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Room in the Gloom for a Boom

Richard Branson is an incorrigible optimist; it's how he's managed to build one of the world's most successful empires. So with reports on the global economy ever bleaker, it is soothing to hear Sir Richard, true to form, finding the silver lining.
Branson addressed mainly entrepreneurs when he said in a recent interview that he believes the next generation of the world’s self-made billionaires will emerge from the recession, with various industries humbled and in need of a shake-up.

Pleasingly, Branson is not the sort of blind optimist who tells us in an annoying voice to ‘turn our frowns upside down’, or that with the lemons life gives us we should be making lemonade. Far from being ignorant to the devastation of the global meltdown, particularly in the banking sector, Branson said he saw the recession going on longer than is being predicted, but urged business leaders not to panic.

But instead of speaking for the man, here’s what he said in his own words, in a recent visit to Australia for the launch of yet another domestic airline.

“There are a lot of Richard Bransons that will come out of the next three or four years. Fortunes are made out of recessions. A lot of entrepreneurs get going in the economic depths because the barriers to entry are lower.


If you are best in your field, then don't cut back on quality because good companies always survive ... I got into business aged 15 and since then I've seen four recessions, so I'm quite used to weathering these storms. We are not going to be out of this one any time soon, so people are going to have to dig in and work longer hours to pull us out.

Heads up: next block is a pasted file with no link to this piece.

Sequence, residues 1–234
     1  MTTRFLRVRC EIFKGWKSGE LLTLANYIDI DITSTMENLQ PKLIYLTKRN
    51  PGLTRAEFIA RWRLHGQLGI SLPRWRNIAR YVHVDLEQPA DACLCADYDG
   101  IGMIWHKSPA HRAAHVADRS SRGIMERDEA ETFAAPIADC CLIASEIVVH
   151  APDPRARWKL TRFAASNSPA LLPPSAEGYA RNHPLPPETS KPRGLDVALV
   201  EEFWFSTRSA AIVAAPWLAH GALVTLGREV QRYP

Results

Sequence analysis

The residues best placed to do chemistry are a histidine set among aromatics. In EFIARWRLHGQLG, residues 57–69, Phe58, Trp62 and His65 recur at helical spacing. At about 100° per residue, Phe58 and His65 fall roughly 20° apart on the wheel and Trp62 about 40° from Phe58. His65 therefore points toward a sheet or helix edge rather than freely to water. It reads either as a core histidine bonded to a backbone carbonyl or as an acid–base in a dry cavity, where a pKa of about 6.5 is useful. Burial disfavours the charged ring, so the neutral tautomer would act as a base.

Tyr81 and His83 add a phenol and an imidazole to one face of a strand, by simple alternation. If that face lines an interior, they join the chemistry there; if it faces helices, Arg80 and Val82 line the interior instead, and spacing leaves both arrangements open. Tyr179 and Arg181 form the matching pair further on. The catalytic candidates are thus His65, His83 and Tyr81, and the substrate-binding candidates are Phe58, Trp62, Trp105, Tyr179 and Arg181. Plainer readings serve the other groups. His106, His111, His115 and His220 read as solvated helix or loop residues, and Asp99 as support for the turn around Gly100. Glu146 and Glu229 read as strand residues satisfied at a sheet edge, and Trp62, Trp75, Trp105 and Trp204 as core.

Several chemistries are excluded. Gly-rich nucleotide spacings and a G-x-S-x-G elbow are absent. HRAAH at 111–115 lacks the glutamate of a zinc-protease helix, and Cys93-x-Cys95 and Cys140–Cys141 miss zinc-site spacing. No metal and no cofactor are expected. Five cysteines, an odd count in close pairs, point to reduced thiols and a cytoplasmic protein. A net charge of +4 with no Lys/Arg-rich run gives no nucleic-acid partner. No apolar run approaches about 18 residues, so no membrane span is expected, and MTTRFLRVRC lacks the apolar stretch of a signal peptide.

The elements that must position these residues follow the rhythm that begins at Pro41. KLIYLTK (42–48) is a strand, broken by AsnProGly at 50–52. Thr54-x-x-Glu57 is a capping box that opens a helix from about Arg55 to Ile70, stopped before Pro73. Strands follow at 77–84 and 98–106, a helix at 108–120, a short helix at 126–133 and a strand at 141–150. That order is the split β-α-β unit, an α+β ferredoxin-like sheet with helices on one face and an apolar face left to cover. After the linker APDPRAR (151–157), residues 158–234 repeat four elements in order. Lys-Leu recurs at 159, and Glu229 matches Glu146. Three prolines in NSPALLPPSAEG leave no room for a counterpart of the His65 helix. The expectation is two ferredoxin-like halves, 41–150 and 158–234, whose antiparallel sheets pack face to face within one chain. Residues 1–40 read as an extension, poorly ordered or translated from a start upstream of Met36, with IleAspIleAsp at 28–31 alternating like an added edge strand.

We cannot allow perfectly decent companies to go to the wall just because they cannot get liquidity. And if your bank is behaving badly, then shout about it because no business can afford to lose that lifeline.

Where companies indicate they may have to cut back and tighten their belts, we have given strict instructions to management to look at job-sharing, part-time work or shorter working weeks to prevent job losses. We want to look at everything first because there is nothing more demoralising than being out of work. That has to be an absolute last resort for any company.

You have to come up with imaginative ways of saving cash, like signing every cheque yourself. You would be surprised how much you can save even in large companies if the boss questions every purchase order that goes out."

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